The Lakers moved to 7-5 on the season with a 125-118 win over the Brooklyn Nets on Tuesday. The win wasn’t pretty, but it counts the same in the standings. Standings, which I might add, are something fans of the team are actively watching for the first time in 3 seasons for reasons which have nothing to do with the status of owed draft picks or lottery positioning.
The game itself was a mix of highlights, pensive tension due to a scrappy Nets team, and fast paced action. The game offered roughly 110 possessions, which is even a lot for two teams who love to get up and down and a ton for just a regular NBA game. Within that breakneck tempo, there wasn’t always the highest caliber of basketball — especially defensively — but there was plenty to cheer about from both teams.
From the Lakers side, much of that adulation goes out to D’Angelo Russell and Julius Randle.
I’ve spilled plenty of digital ink in the last week talking about Russell’s play, about him trying to find his groove after a preseason which forecasted a breakout, about my want for him to get more aggressive in looking for his own offense. Russell didn’t waste any time in the latter, bombing away from distance to the tune of 4 early three pointers to go with a couple of assists to Mozgov for easy finishes. Russell stayed aggressive all night, finishing the night with 32 points, 8 rebounds, and 4 assists. He even got praise from Luke Walton for his ball pressure and defensive presence, which translated to 3 steals.
As for Randle, he continued his strong play by notching a 17/14/10 triple-double. Of those 10 assists, 7 in the 1st quarter (which started with him finding Russell during his early hot shooting), setting the tone early and helping to get the team off to a strong start. During the rest of the game he continued to make plays for others, but also showed off his patience when creating his own shot by eating up the space the defense was giving him with hard dribbles and then finishing inside after using his strength and touch around the rim.
Having Randle and Russell shine in the same game was a great sight and would typically mean the Lakers rolled. But, with just a 7 point win, that was not the case and mostly because other parts of the team didn’t play up to their normal standards. It’s just my luck that I write a glowing piece about the Lakers’ bench on the same day they happen to have one of their worst games of the year, but that’s how things go sometimes.
After the game Luke Walton said one of the key reasons the bench has been successful this year is that they move the ball well and the open man gets to shoot. He noted that against the Nets that wasn’t as prevalent and that things just seemed a bit “off” with them. Part of that was simply Lou Williams — a key driver to that unit’s offensive output — struggled all night and just couldn’t find a way to get his shot to fall. The other was that their defense, while still good, was not as active, as a group, as it typically is. Nance and Black were not as sharp in their rotations on the back line and that meant there were not as many opportunities to turn stops into baskets going the other way.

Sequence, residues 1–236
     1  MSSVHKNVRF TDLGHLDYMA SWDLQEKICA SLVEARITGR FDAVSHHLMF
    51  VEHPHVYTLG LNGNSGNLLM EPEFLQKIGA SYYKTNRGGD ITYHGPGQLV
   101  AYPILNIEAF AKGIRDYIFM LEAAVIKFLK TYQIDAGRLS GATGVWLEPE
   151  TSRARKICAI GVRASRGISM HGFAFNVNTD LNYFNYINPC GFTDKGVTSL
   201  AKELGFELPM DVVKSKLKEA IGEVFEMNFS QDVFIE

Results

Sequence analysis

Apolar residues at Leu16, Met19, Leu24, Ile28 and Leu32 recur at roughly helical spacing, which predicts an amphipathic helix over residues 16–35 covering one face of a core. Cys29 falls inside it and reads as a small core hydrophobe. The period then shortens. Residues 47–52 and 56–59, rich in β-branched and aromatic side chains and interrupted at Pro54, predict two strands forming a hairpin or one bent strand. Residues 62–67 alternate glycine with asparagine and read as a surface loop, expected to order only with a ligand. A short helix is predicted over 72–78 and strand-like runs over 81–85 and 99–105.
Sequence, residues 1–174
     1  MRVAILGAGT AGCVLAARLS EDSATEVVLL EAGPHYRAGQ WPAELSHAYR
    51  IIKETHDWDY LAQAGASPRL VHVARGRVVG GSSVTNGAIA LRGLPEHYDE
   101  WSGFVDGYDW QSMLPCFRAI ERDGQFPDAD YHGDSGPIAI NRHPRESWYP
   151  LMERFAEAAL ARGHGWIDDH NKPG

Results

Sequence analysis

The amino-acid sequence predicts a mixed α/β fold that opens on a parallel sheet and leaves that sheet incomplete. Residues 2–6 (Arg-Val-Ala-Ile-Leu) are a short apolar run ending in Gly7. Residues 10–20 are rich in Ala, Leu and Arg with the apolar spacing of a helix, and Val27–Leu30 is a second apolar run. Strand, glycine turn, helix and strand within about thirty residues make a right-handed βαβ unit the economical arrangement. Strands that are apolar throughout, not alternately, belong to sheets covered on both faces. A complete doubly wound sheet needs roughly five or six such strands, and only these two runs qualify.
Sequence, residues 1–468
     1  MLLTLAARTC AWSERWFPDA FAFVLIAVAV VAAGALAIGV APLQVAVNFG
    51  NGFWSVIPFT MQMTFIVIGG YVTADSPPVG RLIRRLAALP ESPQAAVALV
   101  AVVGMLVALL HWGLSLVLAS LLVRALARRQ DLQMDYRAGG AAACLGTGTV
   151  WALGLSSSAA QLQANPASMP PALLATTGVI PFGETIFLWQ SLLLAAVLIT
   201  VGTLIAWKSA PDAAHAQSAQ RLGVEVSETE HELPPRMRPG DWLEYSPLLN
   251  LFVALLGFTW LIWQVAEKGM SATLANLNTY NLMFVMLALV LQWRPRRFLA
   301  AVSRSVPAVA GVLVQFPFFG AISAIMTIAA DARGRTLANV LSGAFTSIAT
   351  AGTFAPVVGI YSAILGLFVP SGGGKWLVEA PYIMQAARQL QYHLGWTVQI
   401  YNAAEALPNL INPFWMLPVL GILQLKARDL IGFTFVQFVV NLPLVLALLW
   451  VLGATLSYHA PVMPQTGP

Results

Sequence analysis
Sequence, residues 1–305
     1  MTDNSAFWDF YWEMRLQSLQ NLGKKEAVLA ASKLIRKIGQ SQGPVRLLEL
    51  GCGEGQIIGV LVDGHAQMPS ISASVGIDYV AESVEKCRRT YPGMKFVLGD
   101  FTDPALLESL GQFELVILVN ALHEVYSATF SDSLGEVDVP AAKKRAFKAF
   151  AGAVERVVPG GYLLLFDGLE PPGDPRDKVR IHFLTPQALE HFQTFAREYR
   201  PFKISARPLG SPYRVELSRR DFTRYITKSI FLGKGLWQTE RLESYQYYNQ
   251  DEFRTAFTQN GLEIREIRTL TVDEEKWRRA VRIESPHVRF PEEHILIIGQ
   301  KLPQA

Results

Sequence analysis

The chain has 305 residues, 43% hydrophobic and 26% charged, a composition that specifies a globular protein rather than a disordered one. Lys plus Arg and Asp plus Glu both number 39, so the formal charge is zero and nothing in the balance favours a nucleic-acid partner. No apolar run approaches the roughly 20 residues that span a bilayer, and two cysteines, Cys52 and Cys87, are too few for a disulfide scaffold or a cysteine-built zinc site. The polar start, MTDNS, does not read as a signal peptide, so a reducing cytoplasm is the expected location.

Ultimately, though, all of this just meant the the game was closer and more angst filled than it could have been if some of these things went the team’s way. The Lakers still found a way to win, though, mostly because of the aforementioned Randle and Russell, but also because guys like Clarkson (5 steals, 4 rebounds, 3 assists) and Ingram (6 4th quarter points, a key block late, good defense overall) found ways to contribute.
Now, onto some notes:
- After this game the Lakers are up to 9th in Offensive Efficiency, but have fallen into a tie for 19th in Defensive Efficiency for the season. There is fluctuation in these numbers, especially early in the season and teams have particularly strong or weak performances in either area. That said, the former number is fantastic and beyond what I would have imagined. And while the defensive number is not where I would like, if you would have told me the Lakers would have a top 20 defense before the season started I would not have believed you.
- In my game preview I noted how Brook Lopez always seems to play well against the Lakers and his 30 point, 10 rebound game was another data point in his favor. However, his impact was a bit more complicated to dissect than his plain numbers. First, he needed 25 shots to get his 30 points. 40% shooting from the field isn’t ideal from your starting C. However, he shot 7 three’s, making three of them, which helped his true shooting efficiency. Additionally, him roaming around the arc really drew Mozgov away from the rim and opened up driving lanes the Nets took advantage of all night. All of this is to say that I thought the style of play from Lopez was actually more important than his own production even though he had 30 and 10. If that makes sense.
- Kenny Atkinson can coach. The Nets play hard and play smart. They never let the game get away from them and offered good resistance to any run the Lakers made. They are a legitimately fun team.
- Luke Walton can coach some too, you know. When he saw the bench unit as a whole wasn’t working, he tweaked his sub patterns to get starters back in earlier than normal. The result was Randle and Russell playing over 30 minutes when they typically only play around 28.
- Props to Tarik Black. Dude plays hard and is relentless on the offensive glass. 5 of his 9 rebounds were on that end of the floor and he consistently bullied the Nets underneath to secure extra possessions. It helped that outside of Lopez the Nets don’t have really big guys to battle with, but still credit Black for getting into the right positions and using his wide frame to gobble up caroms.